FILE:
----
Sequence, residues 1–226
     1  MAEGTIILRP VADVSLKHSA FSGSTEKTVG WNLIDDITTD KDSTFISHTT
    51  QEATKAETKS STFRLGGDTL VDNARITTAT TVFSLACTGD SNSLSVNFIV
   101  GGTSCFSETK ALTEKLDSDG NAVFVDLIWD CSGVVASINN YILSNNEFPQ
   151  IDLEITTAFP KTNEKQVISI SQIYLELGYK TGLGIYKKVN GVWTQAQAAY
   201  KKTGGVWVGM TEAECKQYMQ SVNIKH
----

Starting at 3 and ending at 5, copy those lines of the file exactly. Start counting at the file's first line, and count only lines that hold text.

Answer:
    51  QEATKAETKS STFRLGGDTL VDNARITTAT TVFSLACTGD SNSLSVNFIV
   101  GGTSCFSETK ALTEKLDSDG NAVFVDLIWD CSGVVASINN YILSNNEFPQ
   151  IDLEITTAFP KTNEKQVISI SQIYLELGYK TGLGIYKKVN GVWTQAQAAY